1. The big news lighting up church circles at the moment is the polling numbers on evangelism released by Barna earlier this month. Christianity Today reports:

“Nearly half (47%) of practicing Christian millennials—churchgoers who consider religion an important part of their lives—believe that evangelism is wrong. At least, they’re more than twice as likely as their parents and grandparents to say that it’s “wrong to share one’s personal beliefs with someone of a different faith in hopes that they will one day share the same faith.”

While this statistic could easily bolster stereotypes of a distracted, and increasingly unaffiliated generation, the minority of millennials who have stayed active in their churches also show higher markers of commitment in other areas, as well as a savvier sense of the religious pluralism and diversity they were raised around.

Practicing Christian millennials were twice as likely as Gen X and four times as likely as Boomers and Elders to agree with the statement, “If someone disagrees with you, it means they’re judging you.”

Younger folks are tempted to believe instead, “if we just live good enough lives, we can forgo the conversation entirely, and people around us will almost magically come to know Jesus through our good actions and selfless character,” she said. “This style of evangelism is becoming more and more prevalent in a culture constantly looking for the fast track and simple fix.”

Just a couple notes, since we talk about it quite a bit on The Mockingcast this week: first, if someone disagrees with you, they probably are judging you. You are certainly judging them. So it could be that millennials, having been raised in an era where those judgments are more transparent (via social media), are simply wiser on that score. Whether that correlates to evangelism feels like a separate discussion.

Second, the research indicates that younger Christians are just as keen on witnessing to their faith (and reading their bibles and expressing their devotion, etc), they’re just warier of trying to ‘convert’ to the extent that it involves coming across as somehow holier-than-thou. However, if you include under the banner of evangelism public admissions of shortcoming and need with fingers pointed toward a savior in the hopes that other sufferers might cling to the ol’ wooden cross–I strongly suspect the numbers would shift. Meaning, there’s likely a semantic component here, and to the extent that what millennials understand by the word ‘evangelism’ or ‘conversion’ is overbearing and coercive, maybe the trend is encouraging.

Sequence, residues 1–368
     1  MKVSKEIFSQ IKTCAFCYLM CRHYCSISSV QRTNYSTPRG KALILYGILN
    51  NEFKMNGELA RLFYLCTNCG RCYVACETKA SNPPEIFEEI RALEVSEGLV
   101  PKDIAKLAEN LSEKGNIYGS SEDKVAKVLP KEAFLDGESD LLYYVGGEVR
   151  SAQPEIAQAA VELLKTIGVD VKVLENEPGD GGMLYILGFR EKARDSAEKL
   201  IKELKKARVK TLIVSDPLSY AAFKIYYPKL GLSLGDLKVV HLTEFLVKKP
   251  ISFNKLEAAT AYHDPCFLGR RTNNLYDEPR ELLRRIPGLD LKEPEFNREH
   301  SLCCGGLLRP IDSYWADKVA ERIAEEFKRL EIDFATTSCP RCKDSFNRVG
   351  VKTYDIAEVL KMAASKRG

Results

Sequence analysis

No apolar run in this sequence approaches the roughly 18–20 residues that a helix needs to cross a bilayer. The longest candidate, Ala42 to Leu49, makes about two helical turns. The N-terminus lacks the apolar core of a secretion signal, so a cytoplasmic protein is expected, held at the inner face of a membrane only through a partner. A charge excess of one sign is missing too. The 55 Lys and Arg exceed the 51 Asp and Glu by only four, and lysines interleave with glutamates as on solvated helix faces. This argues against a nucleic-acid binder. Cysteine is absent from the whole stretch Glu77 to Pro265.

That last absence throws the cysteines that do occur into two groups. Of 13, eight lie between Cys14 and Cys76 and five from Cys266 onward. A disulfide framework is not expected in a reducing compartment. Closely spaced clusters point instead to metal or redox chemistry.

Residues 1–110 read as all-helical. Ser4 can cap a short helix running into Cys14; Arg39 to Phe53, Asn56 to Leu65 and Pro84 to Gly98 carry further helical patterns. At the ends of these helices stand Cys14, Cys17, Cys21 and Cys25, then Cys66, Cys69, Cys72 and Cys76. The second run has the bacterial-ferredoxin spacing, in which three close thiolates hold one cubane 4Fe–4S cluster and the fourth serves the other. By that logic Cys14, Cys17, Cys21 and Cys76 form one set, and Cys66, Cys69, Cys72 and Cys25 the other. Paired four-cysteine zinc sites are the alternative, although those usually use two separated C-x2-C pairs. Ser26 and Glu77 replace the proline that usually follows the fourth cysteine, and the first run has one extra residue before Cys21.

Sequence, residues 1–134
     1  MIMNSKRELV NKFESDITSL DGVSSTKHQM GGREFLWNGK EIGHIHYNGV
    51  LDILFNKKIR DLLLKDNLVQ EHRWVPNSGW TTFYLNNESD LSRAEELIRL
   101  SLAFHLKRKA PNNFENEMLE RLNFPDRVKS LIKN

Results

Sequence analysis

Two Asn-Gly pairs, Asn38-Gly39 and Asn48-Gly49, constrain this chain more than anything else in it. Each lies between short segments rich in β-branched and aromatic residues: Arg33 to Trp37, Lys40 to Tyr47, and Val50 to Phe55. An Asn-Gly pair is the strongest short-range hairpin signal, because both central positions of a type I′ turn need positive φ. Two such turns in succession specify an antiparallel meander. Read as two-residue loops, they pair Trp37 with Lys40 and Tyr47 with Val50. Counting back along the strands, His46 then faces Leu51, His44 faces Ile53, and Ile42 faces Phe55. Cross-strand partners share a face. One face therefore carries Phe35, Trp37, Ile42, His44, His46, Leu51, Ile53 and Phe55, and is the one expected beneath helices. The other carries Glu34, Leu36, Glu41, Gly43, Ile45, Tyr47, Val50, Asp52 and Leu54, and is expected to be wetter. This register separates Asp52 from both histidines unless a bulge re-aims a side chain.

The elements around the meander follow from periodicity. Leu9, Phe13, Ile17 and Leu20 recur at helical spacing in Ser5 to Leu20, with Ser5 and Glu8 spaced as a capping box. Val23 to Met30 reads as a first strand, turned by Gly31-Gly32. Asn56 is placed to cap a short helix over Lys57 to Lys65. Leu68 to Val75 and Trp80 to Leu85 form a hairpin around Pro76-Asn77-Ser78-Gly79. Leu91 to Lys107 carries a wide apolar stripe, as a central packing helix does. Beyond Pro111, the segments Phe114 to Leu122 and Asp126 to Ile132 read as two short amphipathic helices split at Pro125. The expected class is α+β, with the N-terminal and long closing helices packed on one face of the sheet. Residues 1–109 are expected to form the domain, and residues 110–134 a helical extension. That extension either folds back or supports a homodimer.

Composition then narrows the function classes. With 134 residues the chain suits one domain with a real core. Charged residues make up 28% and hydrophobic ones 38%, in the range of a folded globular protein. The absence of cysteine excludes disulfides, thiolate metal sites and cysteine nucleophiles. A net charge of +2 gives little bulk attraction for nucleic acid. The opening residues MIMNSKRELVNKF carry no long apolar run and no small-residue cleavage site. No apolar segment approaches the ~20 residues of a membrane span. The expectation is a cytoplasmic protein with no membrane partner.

That said, the idea that others will “magically come to know Jesus through our good character and selfless character” is worth deconstructing, as it extends well beyond the generational bounds here. As my friend Jacob Smith is fond of paraphrasing the apocryphal St Francis quote: “Preach the Gospel always, and if necessary, use words–and words are always necessary.” That is, miracles of the Spirit notwithstanding, human beings are far too self-involved and our own characters far too compromised for ‘our example’ to ultimately hold much sway.

Beyond that, I sometimes wonder if those Christians who fault/criticize their fellow believers for proselytizing have unconsciously taken on board the idea that Christians are the only ones out there trying to convert others. Perhaps it’s simply having attended what might politely be called a stalwartly secular secondary school, but I’m convinced that pretty much everyone with a point of view is trying to convert you, the only question is what they’re trying to convert you to–and is there any grace involved. That kind of experience gives a person a lot of patience for even the most ham-fisted Christian evangelists.

2. Whatever the case, it’s a fitting lead-in to “We Are All Fundamentalists Now” in which essayist Samuel James weighs the similarities between the culture of progressive college student activism and that of his own fundamentalist upbringing. In contrast to some/most pieces like this, James evinces real compassion for the students involved, even forging some genuine common ground with a population at which it’s becoming increasingly tempting to roll one’s eyes. After all, the liabilities for those trading in moral certainties are remarkably similar:

The idea that we ought to make the culture we consume conform to a moral standard seems a novel one to the social-justice generation. It was a given in my childhood. My fundamentalist upbringing gave me (though of course imperfectly) a grasp of non-neutrality, the inevitable moral character of the things we say, watch, and experience.

The rising generation of students is coming to this same realization but without the help of religion’s spiritual insight. The modern campus culture is a religious culture, but it’s a religion without God, and consequently it is a religion without grace… [#SECULOSITY]

Far too often my fellow conservatives are content to ridicule the students’ scruples, to laugh at their woke reconsideration of pop culture, and to portray them as spoiled would-be culture warriors. What I see, though, is that those students and I share a kind of language, a worldview that puts us, though far apart in matters of theology and politics, quite close in a desire for moral wakefulness…

Both sides can be skeptical toward the widespread notion that religious unbelief is objective, scientific, and libertarian and that religion is biased, superstitious, and puritanical. The woke collegian is not less moralistic than his Evangelical peer. If anything, they are equally moralistic but in different directions. For example, my secular Millennial friend may ridicule my belief that sex is reserved for marriage, while at the same advocating “affirmative consent” policies that put a significant moral burden on sexual encounters. Behind our different political positions lies a shared sense that a neo-Darwinian sexual marketplace is unjust and that it falls to communities to enforce norms that reduce victimization and lead to flourishing.